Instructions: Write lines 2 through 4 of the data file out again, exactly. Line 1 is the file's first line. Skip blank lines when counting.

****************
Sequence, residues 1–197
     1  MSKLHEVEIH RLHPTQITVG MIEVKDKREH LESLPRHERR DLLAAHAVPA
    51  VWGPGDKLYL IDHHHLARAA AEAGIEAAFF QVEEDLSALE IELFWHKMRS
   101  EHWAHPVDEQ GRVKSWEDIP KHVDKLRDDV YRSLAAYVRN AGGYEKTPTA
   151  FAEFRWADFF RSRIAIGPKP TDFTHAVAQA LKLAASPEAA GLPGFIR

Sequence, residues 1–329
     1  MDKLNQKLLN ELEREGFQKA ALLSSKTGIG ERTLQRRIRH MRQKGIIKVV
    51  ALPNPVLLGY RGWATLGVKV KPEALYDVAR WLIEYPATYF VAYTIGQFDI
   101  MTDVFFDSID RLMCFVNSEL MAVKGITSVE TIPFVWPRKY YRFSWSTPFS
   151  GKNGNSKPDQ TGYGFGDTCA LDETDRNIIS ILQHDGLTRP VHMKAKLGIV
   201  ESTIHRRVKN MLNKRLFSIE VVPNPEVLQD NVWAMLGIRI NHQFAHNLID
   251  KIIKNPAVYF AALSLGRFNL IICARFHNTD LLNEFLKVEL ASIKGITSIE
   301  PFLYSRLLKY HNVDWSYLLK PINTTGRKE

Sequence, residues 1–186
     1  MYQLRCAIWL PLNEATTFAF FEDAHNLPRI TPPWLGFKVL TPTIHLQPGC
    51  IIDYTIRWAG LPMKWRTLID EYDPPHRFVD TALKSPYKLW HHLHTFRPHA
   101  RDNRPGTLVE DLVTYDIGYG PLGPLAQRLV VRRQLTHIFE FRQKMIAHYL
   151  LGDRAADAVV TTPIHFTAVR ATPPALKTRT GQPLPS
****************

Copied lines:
     1  MSKLHEVEIH RLHPTQITVG MIEVKDKREH LESLPRHERR DLLAAHAVPA
    51  VWGPGDKLYL IDHHHLARAA AEAGIEAAFF QVEEDLSALE IELFWHKMRS
   101  EHWAHPVDEQ GRVKSWEDIP KHVDKLRDDV YRSLAAYVRN AGGYEKTPTA